Discovering the Seafloor of the Bay of Fundy
The Bay of Fundy is home to rich fisheries and significant tidal power potential. Developments are underway to utilize this renewable tidal energy source, but a better understanding of the bay's underwater geography is needed to identify safe and suitable turbine locations. The Geological Survey of Canada (Atlantic) of Natural Resources Canada has responded to this need by mapping the Bay of Fundy seabed, and by providing topographic and geological maps and knowledge. This information will help guide tidal power generation decisions and aid efforts to manage the bay's biological resources.
Mapping the bottom of the bay
GSC researchers collaborated with the Canadian Hydrographic Service (Fisheries and Oceans Canada), the Ocean Mapping Group of the University of New Brunswick, and the Centre of Geographic Sciences of the Nova Scotia Community College to map the topography and geology of the ocean bottom and the character and thickness of seabed sediments. This was achieved using a suite of sophisticated survey tools and techniques, including shipboard and aircraft-based devices.
Multibeam sonar (SOund Navigation And Ranging) is a device mounted under a survey vessel that rapidly sends out beams of high frequency sound signals or "pings". The sonar listens for the echoes of the pings from the seabed and then calculates the water depth based on the time taken for the echoes to return (this type of surveying is known as multibeam bathymetry). The GSC and its partners collected millions of these depth determinations and used them to construct an accurate relief map of the Bay of Fundy seabed. The resulting map is similar to how an aerial photograph would show the Bay of Fundy with all of its water removed (Figure 1).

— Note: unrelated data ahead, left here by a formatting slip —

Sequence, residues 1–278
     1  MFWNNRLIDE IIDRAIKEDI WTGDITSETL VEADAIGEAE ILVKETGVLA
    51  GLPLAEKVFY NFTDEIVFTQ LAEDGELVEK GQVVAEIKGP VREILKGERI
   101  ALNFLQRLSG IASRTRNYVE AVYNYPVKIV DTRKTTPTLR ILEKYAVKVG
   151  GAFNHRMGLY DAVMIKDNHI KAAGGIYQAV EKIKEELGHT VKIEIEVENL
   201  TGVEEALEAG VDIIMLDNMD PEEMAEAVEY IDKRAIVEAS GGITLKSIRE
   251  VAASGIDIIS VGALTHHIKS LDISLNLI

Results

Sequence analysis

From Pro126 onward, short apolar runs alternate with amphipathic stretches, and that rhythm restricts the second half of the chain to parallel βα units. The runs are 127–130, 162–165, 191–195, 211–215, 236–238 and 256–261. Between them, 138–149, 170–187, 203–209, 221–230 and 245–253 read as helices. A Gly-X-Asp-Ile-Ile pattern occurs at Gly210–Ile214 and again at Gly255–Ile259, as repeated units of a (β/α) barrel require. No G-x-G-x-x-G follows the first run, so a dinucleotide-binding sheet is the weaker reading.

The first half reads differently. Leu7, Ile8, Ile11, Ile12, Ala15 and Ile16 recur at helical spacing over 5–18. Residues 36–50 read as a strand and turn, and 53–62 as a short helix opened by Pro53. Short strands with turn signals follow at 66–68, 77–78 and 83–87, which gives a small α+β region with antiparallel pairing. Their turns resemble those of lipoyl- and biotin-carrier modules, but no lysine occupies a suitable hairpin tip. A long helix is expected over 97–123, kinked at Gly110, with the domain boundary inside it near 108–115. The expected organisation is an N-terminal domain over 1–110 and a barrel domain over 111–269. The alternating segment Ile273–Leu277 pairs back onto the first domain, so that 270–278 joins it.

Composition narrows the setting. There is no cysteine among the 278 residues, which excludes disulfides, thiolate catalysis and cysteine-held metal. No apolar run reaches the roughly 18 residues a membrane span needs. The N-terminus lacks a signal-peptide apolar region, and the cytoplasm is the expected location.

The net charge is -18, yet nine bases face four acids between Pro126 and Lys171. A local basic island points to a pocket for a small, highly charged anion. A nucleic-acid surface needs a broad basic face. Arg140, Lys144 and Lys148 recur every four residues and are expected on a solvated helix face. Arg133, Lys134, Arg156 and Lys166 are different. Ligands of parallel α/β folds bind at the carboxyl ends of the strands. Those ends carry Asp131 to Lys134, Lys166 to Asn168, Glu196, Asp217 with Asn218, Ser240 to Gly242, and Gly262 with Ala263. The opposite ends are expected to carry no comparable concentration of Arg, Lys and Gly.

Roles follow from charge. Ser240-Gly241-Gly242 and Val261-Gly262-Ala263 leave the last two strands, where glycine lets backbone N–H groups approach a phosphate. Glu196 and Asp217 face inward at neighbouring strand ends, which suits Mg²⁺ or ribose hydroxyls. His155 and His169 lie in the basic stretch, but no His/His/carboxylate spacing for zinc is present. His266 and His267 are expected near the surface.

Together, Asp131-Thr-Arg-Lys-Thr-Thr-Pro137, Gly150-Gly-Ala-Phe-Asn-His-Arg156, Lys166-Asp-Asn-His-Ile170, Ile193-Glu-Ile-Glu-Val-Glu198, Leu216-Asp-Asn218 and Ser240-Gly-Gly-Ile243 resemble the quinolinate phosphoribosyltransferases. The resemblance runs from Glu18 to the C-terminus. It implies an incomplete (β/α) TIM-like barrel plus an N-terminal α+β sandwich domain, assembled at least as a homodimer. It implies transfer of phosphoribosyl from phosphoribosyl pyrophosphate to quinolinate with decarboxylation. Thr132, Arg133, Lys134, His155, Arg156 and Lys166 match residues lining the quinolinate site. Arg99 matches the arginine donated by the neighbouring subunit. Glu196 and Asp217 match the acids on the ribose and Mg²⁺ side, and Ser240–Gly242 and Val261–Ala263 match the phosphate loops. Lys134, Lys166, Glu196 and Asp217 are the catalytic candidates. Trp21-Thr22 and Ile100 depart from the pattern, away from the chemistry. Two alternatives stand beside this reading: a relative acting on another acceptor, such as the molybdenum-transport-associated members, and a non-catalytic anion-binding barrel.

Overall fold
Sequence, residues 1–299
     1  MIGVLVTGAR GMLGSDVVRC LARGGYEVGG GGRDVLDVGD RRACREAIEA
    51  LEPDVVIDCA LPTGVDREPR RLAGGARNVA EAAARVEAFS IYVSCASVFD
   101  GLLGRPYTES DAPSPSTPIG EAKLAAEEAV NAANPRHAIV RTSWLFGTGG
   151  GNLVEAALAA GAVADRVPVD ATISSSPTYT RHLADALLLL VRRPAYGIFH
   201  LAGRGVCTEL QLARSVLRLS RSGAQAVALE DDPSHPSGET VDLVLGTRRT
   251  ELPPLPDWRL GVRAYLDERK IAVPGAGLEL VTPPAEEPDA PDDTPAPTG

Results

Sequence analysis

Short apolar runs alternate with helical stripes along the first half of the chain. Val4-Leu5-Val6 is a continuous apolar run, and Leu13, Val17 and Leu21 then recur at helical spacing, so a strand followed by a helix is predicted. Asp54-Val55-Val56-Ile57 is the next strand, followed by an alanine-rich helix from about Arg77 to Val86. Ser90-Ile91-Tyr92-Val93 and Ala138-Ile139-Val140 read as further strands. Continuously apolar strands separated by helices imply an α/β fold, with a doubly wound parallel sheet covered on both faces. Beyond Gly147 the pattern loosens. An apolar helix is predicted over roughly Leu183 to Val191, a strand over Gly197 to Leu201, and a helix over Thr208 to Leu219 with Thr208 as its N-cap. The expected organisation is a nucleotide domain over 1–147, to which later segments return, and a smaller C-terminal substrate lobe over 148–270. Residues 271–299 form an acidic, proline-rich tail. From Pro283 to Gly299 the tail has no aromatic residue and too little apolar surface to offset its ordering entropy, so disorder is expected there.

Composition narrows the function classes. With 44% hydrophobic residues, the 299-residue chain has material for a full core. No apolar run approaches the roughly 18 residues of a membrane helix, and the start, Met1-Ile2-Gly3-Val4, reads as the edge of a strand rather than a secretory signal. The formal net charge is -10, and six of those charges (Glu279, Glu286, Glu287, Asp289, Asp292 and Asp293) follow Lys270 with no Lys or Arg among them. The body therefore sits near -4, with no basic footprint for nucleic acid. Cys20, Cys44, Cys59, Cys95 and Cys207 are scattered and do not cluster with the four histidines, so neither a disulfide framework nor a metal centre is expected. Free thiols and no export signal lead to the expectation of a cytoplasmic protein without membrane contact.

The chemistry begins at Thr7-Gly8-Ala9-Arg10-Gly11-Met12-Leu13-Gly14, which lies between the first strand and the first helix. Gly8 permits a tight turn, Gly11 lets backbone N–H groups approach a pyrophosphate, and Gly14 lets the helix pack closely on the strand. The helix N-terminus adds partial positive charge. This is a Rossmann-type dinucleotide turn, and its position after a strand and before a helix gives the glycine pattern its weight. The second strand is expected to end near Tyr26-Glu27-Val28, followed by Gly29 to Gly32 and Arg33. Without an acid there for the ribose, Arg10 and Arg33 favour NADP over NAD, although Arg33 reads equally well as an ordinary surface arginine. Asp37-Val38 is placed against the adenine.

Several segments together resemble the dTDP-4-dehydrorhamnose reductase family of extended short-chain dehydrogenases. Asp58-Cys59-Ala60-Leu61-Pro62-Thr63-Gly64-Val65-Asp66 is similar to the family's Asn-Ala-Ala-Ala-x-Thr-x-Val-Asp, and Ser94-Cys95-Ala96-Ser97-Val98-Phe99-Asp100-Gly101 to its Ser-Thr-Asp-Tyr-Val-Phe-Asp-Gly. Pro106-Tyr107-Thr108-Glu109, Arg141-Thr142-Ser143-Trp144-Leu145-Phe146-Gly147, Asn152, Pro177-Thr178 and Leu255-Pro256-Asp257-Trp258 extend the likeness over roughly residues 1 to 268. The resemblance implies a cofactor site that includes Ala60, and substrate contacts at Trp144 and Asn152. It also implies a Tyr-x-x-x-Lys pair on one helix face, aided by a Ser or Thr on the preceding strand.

Until recently, shallow areas adjacent to the coast (the intertidal zone) had not been bathymetrically surveyed due to the danger of operating a vessel there. To overcome this challenge, researchers used an aircraft-mounted device known as LiDAR (Light Detection And Ranging). During low tide, the aircraft flew along the Bay of Fundy coast while the LiDAR emitted pulses of laser light. Similar to the sonar technique, the light pulses were reflected from the land and recorded by the aircraft's device. Millions of these measurements provided an accurate map of the intertidal zone. The combination of the multibeam sonar and LiDAR results provided the first detailed and "seamless" map from the bottom of the Bay of Fundy across the shoreline and onto land (Figure 2).
Once the ocean bottom topography was mapped, seismic profiling techniques were used to determine the types of rock and sediment that lay beneath the seafloor. Sound energy was used once more, this time to produce echoes from layers of sediment up to 50 m beneath the seabed. The result was a series of sub-surface profiles of sediment thickness produced as the survey ship completed transects of the bay (Figure 3).
- The Bay of Fundy's seafloor is covered with glacial landforms created by a continental ice sheet that once covered the entire area and retreated about 14,000 years ago. The glaciers created complex and highly variable seafloor geology within the bay.
- Fields of sand waves, up to 20 m high, move and change with each tidal cycle (Figure 4). How much and how often the bedforms move is important for designing and locating future tidal energy installations.
Please contact Brian Todd (GSC), for further information about the science underlying the Bay of Fundy maps, or the ongoing geological investigations in the bay by the Geological Survey of Canada.